20/08/2014

By Marielena Sabatier, CEO, [nurl=www.inspiring-potential.co.uk]Inspiring Potential[/nurl

With almost half of UK managers working an extra day of unpaid overtime per week[1], we are going to look at how UK business leaders can create strategies for working more effectively in high pressured environments.

A new survey released last month by the Institute of Leadership and Management (ILM)[1] revealed that nine out of ten (94%) workers in the UK work over and above their contracted hours each week.

The survey of over 1,000 ILM members found that overtime is firmly embedded in the UK working culture, with 76% of people routinely working late in the office or at home. In fact a survey by the Office for National Statistics shows that the UK has the third highest working hours in the EU[2].

There is no getting away from the fact we are working in an increasingly 24/7 business environment. Nearly everyone has smart phones and tablets so they can access their emails constantly. This can lead to some people feeling like they never get away from work and switch off. So are there strategies to help business leaders work more smartly and cope with pressure without damaging their productivity?

Firstly, it is important to remember that we all still have choices and can make small changes to the way we work which can make all the difference. Setting good habits around email management can really help people claw back time and increase their effectiveness.

Some people spend several hours each day checking emails every five minutes, responding to messages immediately and managing their inboxes, often to the detriment of urgent priorities and ‘real work’. This way of working can also create a false sense of productivity – we can think we have been working for hours but actually we have simply been responding to messages.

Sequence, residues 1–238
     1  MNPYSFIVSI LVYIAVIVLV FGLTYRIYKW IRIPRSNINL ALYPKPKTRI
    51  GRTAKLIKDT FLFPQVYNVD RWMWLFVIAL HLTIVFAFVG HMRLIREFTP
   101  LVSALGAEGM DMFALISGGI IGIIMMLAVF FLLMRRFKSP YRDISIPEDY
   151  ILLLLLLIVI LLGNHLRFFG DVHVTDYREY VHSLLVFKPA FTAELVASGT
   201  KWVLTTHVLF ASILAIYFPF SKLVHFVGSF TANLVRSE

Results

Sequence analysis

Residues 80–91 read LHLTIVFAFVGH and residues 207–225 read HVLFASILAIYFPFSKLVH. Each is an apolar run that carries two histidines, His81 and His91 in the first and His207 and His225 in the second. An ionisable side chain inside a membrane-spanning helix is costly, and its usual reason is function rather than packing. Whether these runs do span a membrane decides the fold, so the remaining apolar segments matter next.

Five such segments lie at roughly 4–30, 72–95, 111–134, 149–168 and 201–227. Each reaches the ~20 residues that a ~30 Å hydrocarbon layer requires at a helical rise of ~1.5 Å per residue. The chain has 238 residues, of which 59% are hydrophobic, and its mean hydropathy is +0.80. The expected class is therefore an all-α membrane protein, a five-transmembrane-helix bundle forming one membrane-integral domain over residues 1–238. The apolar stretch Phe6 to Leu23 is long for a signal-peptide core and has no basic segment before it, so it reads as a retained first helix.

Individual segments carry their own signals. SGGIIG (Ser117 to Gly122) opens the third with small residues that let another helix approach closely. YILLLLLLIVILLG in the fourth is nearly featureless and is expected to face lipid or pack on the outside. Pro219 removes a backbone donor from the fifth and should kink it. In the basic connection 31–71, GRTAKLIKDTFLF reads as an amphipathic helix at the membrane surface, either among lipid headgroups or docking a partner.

These habits can also set the wrong sort of expectations for bosses, clients and teams who will come to expect immediate responses to everything and feel miffed if they don’t, which can create additional pressures.

Establishing good email management habits can pay huge dividends. Rather than checking emails constantly, time should be set aside once or twice a day to process emails. People should also prioritise the more important ones and let go of the rest.

Another good tip for email management is to request to be copied in only on relevant emails and if something is urgent, ask for the message to be sent directly. Some people set up separate inboxes for emails when they are copied in which can work well.

It is important for people to communicate to their clients and teams the times they will be checking messages and responding and when they won’t. One way of doing this is by saying they will be online until 6pm but then after this time, they will be with their family. They can add that whilst they value their work they also need time to relax, recharge and reenergise for the next day. This allows for some breathing space where they can disconnect the phone, switch off from the working day and relax.

Business leaders also need to build really good teams around them which is vital to reduce work pressure. With a good team in place they should delegate full responsibility for projects and hold people accountable for their work. They need to develop clear expectations of what they want from their team, how they expect their actions to be delivered and clear deadlines agreed in writing. Enforcing accountability is essential for creating successful teams as it gives people a real sense of purpose and achievement and at the same time, it takes reduces the burden of work.

Lastly, clear goals and priorities are really important. Too often people are spending hours on the wrong things, things that are not their responsibility or which are low priority. Clarifying what is essential makes it easier for people to say no to things, easing the work pressures and ensuring that the work undertaken is highly valued.


[1] Institute of Leadership & Management Survey, 9th July 2014
[2] Office for National Statistics, December 2011